I'm inclined to agree with him, as this is by no means the only technique in Talhoffer that would be too risky for Bloszfechten. I think mostly likely this section of the manuscript is the artist drawing Talhoffer's students practicising Harnischfechten, without actually bothering to get kitted up. I know that armour changes the dynamics and weights involved etc. but it takes a long time to take on and take off, so it makes sense they wouldn't always practise armoured techniques while wearing armour.
I'll check out those other sources you mentioned. I've never really studied Joerg Wilhalm, and I've been meaning to buy Tobler's translation of Kal for a while now.

And thanks Martin for your interpretation. Next time I break the swords out, I'll give that one a try.
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Re: Question on a harnischfechten technique

Postby Andreas Engström » 07 Sep 2010 08:01

I agree with Martin's interpretation and would like to add that it helps getting it right if you think of it as pushing with the left hand and pulling with the right hand, once you've started to go up with your right hand. It's mainly the push with the left and your moving your body to the left that "turns him around". And it works quite beautifully.

I know that other people have the same interpretation, for example Claus Sörensen taught it at Fightcamp three or four years ago..

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Re: Question on a harnischfechten technique

Postby Wolfgang Ritter » 07 Sep 2010 12:07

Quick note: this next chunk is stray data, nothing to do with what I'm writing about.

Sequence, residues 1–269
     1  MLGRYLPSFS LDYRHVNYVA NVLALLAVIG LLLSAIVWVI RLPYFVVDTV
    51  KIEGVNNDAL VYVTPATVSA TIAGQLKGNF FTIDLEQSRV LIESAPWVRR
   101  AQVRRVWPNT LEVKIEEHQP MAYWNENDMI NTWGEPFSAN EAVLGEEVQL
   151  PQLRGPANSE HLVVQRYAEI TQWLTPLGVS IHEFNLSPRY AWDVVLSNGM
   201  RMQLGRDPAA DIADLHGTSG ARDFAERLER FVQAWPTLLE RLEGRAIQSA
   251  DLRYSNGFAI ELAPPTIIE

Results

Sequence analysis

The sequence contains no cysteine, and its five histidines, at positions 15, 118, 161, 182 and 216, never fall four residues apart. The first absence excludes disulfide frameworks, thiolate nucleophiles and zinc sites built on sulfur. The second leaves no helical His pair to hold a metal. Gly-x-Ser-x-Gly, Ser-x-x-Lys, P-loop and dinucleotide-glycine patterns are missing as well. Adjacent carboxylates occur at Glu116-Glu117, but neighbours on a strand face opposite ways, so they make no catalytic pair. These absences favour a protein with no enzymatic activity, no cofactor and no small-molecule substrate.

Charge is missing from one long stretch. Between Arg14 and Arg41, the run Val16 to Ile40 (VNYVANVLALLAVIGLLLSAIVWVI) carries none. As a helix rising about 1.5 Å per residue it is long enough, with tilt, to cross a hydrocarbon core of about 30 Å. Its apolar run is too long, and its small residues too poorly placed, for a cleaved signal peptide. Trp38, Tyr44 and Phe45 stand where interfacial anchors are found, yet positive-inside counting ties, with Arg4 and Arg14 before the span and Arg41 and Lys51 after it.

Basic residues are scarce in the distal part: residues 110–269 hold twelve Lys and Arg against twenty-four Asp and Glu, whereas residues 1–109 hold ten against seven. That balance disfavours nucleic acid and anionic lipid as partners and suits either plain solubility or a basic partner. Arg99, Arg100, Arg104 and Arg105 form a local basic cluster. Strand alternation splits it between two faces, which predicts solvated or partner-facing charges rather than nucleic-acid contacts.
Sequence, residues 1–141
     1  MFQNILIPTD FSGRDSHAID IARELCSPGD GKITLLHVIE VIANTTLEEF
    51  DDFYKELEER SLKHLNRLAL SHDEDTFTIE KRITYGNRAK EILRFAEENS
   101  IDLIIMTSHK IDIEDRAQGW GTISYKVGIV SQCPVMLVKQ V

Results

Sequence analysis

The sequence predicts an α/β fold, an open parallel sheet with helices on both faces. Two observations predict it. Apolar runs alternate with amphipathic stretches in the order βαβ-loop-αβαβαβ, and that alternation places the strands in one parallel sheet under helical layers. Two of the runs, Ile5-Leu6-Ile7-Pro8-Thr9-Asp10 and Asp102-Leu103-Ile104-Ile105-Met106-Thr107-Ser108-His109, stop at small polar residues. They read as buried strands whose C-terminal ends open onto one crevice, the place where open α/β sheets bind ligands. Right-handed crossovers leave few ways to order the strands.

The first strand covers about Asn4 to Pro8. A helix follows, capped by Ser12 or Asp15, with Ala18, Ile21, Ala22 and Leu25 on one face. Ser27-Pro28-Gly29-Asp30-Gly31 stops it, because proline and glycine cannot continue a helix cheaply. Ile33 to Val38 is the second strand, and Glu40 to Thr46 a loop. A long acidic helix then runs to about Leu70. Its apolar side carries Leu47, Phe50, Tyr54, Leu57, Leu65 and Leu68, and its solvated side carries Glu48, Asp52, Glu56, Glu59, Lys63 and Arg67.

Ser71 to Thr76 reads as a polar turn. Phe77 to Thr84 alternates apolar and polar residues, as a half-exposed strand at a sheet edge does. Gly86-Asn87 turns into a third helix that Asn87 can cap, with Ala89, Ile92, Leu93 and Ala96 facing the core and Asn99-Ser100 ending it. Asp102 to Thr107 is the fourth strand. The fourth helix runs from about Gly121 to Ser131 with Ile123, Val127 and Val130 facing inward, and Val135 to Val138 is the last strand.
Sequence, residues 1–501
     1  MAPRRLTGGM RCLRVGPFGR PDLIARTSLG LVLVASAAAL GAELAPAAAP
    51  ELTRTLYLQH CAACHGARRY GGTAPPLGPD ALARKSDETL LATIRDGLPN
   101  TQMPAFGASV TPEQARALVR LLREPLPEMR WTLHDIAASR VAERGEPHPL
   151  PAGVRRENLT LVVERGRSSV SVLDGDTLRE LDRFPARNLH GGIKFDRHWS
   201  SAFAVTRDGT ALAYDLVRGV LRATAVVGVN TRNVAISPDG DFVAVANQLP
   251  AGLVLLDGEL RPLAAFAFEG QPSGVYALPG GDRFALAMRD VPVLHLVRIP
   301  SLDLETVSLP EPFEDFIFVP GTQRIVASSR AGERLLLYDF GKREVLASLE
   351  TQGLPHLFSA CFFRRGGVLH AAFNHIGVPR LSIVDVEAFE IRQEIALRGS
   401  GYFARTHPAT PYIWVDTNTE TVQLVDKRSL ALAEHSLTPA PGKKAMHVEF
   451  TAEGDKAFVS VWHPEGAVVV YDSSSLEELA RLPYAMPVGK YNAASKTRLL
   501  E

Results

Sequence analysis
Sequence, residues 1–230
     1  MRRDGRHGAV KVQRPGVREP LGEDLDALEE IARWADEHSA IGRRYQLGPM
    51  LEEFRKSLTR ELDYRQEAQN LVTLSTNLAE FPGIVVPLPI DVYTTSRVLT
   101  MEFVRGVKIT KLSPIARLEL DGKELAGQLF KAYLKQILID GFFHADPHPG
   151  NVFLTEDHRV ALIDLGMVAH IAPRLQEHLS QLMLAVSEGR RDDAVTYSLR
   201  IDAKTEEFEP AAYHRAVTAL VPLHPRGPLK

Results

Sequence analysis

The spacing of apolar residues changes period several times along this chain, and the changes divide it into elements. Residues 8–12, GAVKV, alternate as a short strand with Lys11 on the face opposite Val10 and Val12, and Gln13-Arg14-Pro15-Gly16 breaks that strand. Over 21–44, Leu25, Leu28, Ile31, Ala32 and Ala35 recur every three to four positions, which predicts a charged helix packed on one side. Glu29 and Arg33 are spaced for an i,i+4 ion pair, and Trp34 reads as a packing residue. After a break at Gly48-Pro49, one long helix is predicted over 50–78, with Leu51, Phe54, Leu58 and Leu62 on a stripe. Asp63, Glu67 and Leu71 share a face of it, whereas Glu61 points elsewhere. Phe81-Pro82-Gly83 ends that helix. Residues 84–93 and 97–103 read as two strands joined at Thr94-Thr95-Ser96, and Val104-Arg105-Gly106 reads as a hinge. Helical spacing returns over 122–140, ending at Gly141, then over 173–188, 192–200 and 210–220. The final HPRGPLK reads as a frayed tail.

Hi,
have a look at the Andres Lignitzer section about Harnischfechten in the ms. 44 A 8 aka Peter von Danzig. There is a transcription by Dierk Hagedorn from Hammabirg: http://www.hammaborg.de/en/transkriptionen/peter_von_danzig/start.php
On plate 73 r onwards you'll find the Harnsichfechten section by Lignitzer, there on 75v is the 5. "Reissen", which deals with how to break ypuropponents sword out of his hand by turning your back on him and twisting the blades over your shoulder.

The Talhoffer plate you mentioned seems to deal with the counter (76r): the "Schere" (Scissors): once your opponent turns around, raise both swords above his head push them forward, then lower them down and attack his throat with the scissors; pull the swords while kicking him in the arse, that'll make him stumble and fall backwards or dropping the swords.....Just as Martin already described.
Talhofer doesn't push the blades over the opponents head, but that's not essential, as the opponent will have a very unstable position anyway. Talhifer doesn't show the double blade grip as well, but I wouldn't care too much about that - just as well as the fact, that Talhoffer shows it without armour.
AFAIK the 1467 manuscript was exclusivly written for the count Eberhard, Talhoffers employer at that time. the while manuscript seems to be more of a memory sketchbook for Eberhard and not a structured teaching book.

I usually have another entry in that comparred to Lignutzer section about the "Reissen", i.e. binding the blades after an initial thrust to the face, now grab the tip of the opponents sword twist and turn it off the bind and downwards, then thrust to his testicles; his first reaction will be to grab or push your thrust aside with his left hand; there you go: both hold their sword woth their right hand and the tip of the oppoents sword with the left; now one turns to his left, raises the swords over his shoulder and the head and and pull, using the shoulder as leverage...
You'll find both plates in Paulus Kal as well.